Giving heroism its due

Since 9/11, America’s just use of force to ensure national security has come under attack from ostensible allies such as France and Germany and been criticized by spinelessly liberal elements domestically. For a while, it has been difficult to distinguish legitimate concerns about evidence with genuinely hostile beliefs about the exercise of American power and the legitimacy of Israel’s statehood. We have watched the faux-activists create a supposed “anti-war” buzz around Williams College, and have stepped around signs blaming the United States and the United Kingdom for Saddam Hussein’s refusal to provide food and medicine for his people. On Poets Against the War.org (www.poetsagainstthewar.org/displaypoem.asp?AuthorID=2096), Williams English Professor Cassandra Cleghorn, musing thoughtfully, writes “Talking to my mother about the space shuttle makes me want the astronauts/ deaths/ to have been painful, sustained,” and “My mother fears war, listens/ with horror to the President’s sneer.”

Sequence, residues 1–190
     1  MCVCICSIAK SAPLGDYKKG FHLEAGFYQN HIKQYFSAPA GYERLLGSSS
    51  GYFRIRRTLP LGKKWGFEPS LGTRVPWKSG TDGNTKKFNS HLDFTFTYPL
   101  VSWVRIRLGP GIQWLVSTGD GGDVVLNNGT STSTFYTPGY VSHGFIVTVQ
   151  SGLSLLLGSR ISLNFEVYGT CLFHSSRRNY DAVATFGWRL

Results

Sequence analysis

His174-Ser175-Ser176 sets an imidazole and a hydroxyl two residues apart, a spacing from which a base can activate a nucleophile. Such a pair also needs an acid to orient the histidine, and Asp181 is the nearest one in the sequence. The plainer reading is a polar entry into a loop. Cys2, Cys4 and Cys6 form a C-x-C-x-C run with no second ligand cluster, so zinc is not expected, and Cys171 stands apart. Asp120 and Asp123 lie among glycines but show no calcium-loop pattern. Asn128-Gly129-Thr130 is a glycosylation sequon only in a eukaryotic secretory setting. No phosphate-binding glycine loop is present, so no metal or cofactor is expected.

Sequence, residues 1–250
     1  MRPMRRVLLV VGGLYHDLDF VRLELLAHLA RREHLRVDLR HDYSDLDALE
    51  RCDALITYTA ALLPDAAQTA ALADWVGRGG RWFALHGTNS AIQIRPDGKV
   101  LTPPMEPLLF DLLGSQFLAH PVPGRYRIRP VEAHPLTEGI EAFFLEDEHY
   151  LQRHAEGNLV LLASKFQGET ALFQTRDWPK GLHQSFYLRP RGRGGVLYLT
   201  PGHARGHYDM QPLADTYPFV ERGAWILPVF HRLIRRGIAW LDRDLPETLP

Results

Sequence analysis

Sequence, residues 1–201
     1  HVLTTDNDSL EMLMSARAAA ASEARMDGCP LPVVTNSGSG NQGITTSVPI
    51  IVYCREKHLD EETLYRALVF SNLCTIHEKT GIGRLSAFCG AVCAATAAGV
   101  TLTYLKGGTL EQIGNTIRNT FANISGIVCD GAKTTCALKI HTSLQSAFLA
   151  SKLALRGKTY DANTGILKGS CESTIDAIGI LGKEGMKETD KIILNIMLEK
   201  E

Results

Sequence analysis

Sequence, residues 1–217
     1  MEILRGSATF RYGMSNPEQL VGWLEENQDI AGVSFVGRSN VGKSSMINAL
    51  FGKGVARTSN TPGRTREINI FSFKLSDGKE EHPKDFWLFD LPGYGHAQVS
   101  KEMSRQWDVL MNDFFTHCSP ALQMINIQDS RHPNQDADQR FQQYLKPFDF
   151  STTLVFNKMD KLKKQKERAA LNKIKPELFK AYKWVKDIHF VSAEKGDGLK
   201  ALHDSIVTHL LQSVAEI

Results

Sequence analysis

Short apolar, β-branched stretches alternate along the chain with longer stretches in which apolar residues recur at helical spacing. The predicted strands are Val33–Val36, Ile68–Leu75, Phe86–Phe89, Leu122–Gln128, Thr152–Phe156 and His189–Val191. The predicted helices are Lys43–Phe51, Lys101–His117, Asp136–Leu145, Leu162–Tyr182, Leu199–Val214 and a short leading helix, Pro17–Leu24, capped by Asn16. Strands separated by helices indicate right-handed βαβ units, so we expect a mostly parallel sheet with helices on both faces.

I would argue that such bloodthirsty lyrics deployed against “Republican Guard” or even “al-Qaida members” would result in liberal hand-wringing about the coarse “cowboy” nature of American society. I would like to be the first to say, publicly, that I believe Ms. Cleghorn’s “poetry,” if indeed that is what it must be called, is unacceptable. I am not proud to be part of a community that revels in the downfall of America. I am ashamed of Ms. Cleghorn’s remarks, which are in offensively poor taste, since I feel that they embody a virulently un-American, vituperatively hostile and terribly self-nullifying desire for a new Munich, for perpetual appeasement—a wish to let history pass us by, a hope that all responsibilities can be shirked, and a feeling that just force and the fruits of Western technical achievement are something that must be apologized for. I don’t feel that way, and I hope that America quickly eliminates the great threat that Saddam Hussein’s weapons of mass destruction pose, finishing the job that Colonel Ramon, who perished on Columbia, started in 1981. We must not be ashamed to be Americans but we must stand proud. I would hope that my fellow Williams students would feel that way too.